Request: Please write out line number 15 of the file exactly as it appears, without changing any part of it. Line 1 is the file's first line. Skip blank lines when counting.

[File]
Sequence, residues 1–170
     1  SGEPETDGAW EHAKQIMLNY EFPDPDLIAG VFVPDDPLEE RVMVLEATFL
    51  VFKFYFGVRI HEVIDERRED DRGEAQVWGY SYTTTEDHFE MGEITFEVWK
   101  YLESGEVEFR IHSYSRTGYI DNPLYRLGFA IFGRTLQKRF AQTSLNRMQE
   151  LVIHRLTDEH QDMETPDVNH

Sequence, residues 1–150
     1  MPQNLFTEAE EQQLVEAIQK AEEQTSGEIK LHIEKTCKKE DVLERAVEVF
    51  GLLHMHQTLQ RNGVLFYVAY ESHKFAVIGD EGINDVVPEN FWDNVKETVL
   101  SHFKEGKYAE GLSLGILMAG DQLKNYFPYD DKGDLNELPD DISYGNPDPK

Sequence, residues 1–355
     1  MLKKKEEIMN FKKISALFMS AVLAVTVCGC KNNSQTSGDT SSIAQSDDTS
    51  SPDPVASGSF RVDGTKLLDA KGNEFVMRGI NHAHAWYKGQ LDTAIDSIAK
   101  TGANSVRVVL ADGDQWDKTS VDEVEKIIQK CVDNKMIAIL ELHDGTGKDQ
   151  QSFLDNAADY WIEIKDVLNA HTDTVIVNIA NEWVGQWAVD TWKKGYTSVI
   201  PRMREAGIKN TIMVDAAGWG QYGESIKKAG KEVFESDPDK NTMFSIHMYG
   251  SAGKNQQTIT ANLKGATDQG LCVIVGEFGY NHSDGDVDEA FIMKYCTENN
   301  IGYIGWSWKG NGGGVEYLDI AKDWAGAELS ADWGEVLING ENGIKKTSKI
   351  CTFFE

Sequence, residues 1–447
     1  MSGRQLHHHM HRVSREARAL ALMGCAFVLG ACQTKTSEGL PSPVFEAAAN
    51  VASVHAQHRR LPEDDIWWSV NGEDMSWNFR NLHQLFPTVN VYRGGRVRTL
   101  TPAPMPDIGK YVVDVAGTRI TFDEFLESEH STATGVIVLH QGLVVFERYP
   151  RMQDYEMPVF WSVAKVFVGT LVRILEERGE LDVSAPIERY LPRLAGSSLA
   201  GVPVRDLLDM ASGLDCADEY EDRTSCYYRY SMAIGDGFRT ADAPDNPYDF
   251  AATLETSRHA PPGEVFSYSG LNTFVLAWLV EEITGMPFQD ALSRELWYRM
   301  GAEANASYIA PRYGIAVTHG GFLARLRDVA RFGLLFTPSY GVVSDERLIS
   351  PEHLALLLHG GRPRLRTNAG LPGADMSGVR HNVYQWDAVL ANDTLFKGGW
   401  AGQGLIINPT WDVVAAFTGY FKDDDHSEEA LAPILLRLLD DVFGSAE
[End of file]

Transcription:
   201  PRMREAGIKN TIMVDAAGWG QYGESIKKAG KEVFESDPDK NTMFSIHMYG